Although the diagnostic criteria for MV are quite clear regarding wall segments, there is no consensus on what quantity of viable tissue is needed such that the LV significantly improves its general function after revascularization. In our series, we considered that a patient has scintigraphic criteria of viability when viable myocardium is found in 3 or more of the segments with severe contractile abnormalities. This corresponds to 18% of the total area of the LV.3,4 This cut-off value is related to those found in PET studies in which a mismatch pattern ≥18% demonstrated significant benefit after a CR procedure.74

COURSE OF LEFT VENTRICULAR SYSTOLIC FUNCTION AFTER REVASCULARIZATION

In IC patients, improved ejection fraction (EF) may often be observed during medical treatment due its anti-ischemic effects, as well as spontaneous improvement if dysfunction is due to myocardial stunning.75-77 After a CR procedure, a significant increase (≥5%) can be observed in 29%42 to 65%78 of patients, although the greatest benefit is found in patients with criteria of viability or myocardial ischemia providing it is associated with a moderate or severe reduction in EF, especially if CR is not delayed.79,80 Between 59% and 92% of IC patients present improved symptoms of heart failure after CR.75,81 Hibernating myocardium is usually associated with alterations in LV volume and shape that can also revert after successful CR.82,83 In gated myocardial perfusion SPECT studies, left ventricular remodeling finds its greatest expression when there is a divergent pattern of the left ventricle.3,84 The greater the interval between acute myocardial infarction and gated-SPECT, the greater the prevalence of LV remodeling.

In IC patients, chronic angina, when present at least 30 days before infarction, can significantly influence the extent of necrosis, the diagnosis of MV and ventricular remodeling. Observational data indicate a prevalence of 21% of chronic angina prior to infarction, offering a protective effect against IC characterized by a smaller necrotic area, less left ventricular remodeling and a greater percentage of patients with scintigraphic criteria of MV.76

VARIABLES PREDICTIVE OF IMPROVED LEFT VENTRICULAR SYSTOLIC FUNCTION AFTER REVASCULARIZATION

Table 5 presents a summary of the predictors of improved LVEF in echocardiographic, magnetic resonance imaging, and radionuclide angiography studies.42,50,58,69,70,79,85-103 These variables are direct or indirect markers of ischemia, viability, and LV remodeling. In our experience,50 patients with a increase of EF ≥5% after surgery are characterized by having a greater prevalence of left main coronary artery disease and, as assessed by scintigraphy, greater ischemic burden. SPECT imaging indicates that a summed differential stress-rest perfusion score ≥4 is predictive of a significant increase of EF. However, left ventricular dilatation (end-systolic volume >145 mL or end-diastolic volume >190 mL) is the most significant variable showing that EF does not undergo improvement in the presence of MV. Other authors have observed that in patients with less than 6 viable segments (35% of the LV) and an end-systolic volume >145 mL, the probability of increasing EF post-CR is very limited.102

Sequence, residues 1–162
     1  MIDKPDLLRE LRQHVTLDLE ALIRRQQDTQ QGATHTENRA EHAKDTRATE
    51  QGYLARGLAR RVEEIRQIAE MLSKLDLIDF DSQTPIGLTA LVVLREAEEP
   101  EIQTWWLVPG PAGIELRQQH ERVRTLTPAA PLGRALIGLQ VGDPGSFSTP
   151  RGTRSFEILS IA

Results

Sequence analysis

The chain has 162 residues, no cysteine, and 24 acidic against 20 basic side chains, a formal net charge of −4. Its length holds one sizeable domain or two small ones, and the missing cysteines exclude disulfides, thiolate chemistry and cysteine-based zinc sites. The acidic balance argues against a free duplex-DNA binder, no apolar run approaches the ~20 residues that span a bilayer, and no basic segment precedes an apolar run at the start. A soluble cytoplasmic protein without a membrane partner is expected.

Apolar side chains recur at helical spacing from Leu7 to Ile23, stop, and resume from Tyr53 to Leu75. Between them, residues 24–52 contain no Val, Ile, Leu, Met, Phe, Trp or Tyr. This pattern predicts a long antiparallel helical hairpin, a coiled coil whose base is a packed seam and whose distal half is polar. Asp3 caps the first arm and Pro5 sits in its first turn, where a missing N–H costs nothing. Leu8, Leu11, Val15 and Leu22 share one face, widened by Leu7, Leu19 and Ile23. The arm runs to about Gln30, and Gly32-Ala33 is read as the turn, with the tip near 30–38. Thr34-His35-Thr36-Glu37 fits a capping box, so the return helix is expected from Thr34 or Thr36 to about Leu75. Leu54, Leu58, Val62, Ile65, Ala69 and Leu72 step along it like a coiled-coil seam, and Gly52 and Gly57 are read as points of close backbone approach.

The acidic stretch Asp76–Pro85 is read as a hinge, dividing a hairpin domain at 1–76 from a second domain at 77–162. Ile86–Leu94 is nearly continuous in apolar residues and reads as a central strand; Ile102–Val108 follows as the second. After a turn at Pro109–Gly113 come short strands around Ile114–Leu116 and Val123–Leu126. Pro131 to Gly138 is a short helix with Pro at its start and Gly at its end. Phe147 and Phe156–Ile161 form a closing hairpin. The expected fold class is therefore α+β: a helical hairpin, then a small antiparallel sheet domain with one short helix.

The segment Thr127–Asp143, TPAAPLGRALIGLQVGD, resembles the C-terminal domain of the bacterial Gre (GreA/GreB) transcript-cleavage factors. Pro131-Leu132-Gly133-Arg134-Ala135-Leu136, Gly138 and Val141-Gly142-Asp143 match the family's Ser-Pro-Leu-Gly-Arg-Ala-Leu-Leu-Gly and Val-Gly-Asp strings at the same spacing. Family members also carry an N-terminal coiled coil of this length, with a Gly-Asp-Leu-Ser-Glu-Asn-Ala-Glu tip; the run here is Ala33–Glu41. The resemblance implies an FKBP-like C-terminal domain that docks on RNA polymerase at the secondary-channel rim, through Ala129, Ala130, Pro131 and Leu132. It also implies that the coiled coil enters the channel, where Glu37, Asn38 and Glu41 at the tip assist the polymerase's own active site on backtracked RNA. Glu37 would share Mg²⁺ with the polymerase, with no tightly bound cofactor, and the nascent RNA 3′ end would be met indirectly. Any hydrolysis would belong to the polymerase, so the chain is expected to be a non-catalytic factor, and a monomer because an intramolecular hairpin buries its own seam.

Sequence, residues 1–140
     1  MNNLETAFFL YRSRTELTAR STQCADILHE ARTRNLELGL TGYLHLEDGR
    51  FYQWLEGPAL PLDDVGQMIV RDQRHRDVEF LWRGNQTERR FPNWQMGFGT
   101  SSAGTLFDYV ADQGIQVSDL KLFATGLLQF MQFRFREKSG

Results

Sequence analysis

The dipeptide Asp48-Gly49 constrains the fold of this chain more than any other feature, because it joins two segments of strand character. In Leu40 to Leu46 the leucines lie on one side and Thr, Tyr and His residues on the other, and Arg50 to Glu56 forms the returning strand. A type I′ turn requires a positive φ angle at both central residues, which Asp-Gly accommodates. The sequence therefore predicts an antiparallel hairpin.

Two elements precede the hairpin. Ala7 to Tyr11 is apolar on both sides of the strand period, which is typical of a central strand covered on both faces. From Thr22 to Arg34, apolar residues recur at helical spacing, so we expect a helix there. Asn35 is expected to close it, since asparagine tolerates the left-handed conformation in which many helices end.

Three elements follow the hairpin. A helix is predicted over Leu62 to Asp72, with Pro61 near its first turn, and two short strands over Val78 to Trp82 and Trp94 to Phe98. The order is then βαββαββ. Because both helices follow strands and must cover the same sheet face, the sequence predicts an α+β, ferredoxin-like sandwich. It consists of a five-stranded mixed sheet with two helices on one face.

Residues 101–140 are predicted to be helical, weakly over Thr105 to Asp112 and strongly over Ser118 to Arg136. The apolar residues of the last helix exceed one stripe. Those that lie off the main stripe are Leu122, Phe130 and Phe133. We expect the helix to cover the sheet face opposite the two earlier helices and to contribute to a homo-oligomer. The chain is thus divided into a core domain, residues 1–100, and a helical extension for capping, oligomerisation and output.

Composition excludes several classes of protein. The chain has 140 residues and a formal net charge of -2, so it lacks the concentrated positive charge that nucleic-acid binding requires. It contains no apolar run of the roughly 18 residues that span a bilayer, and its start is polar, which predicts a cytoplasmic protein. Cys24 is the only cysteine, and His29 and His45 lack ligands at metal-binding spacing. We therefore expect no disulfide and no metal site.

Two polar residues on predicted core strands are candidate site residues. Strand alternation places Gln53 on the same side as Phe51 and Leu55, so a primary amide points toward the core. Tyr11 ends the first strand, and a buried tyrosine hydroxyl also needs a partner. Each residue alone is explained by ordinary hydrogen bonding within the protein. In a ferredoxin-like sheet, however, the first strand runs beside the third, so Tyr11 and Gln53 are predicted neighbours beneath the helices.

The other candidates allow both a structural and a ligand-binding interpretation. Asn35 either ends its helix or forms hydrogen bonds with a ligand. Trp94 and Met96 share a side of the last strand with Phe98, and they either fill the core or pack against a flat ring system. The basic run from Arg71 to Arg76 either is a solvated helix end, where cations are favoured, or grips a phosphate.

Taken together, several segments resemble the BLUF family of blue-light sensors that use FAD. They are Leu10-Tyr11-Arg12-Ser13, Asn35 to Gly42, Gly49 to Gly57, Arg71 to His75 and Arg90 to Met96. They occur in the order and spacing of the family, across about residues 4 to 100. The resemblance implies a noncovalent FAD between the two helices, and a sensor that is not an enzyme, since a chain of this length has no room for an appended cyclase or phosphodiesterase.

In the presence of myocardial hibernation, post-CR contractile recovery usually occurs relatively early.104 Patients who in earlier dobutamine studies present greater contractile reserve recover the function at rest; however, those who do not present recovered function at rest, despite having contractile reserve, tend to present greater myocardial ischemia prior to revascularization. Dobutamine echocardiography studies are very accurate for predicting the recovery of ventricular function, but can underestimate the degree of late recovery.105

PROGNOSTIC VALUE OF GATED-SPECT AND GATED-PET

The prognostic variables that have been described in IC patients are presented in Table 6.24,52,55,106-115 In our experience, the most important variables are age, the inability to perform the stress test, exercise capacity, MV, myocardial ischemia, left ventricular remodeling and CR.3,4,116,117

Myocardial viability is significantly associated with cardiac mortality and its prognostic value increases even more when it is associated with myocardial ischemia. For this reason, it is advisable to adopt, whenever the patient can tolerate it, stress-rest protocols with the aim of preserving information on the presence and severity of myocardial ischemia, either in the same region as the necrosis or at a distance.

Another variable of prognostic value is the degree of LV remodeling. Gated-PET studies using fluorodeoxyglucose have reported an end-systolic volume ≥200 mL or end-diastolic volume ≥260 mL2 as predictors of cardiac mortality. In the presence of MV, a divergent pattern of the LV as assessed by scintigraphy—a sign of apical aneurysm—is associated with mortality in general and cardiac mortality due to heart failure.3,118,119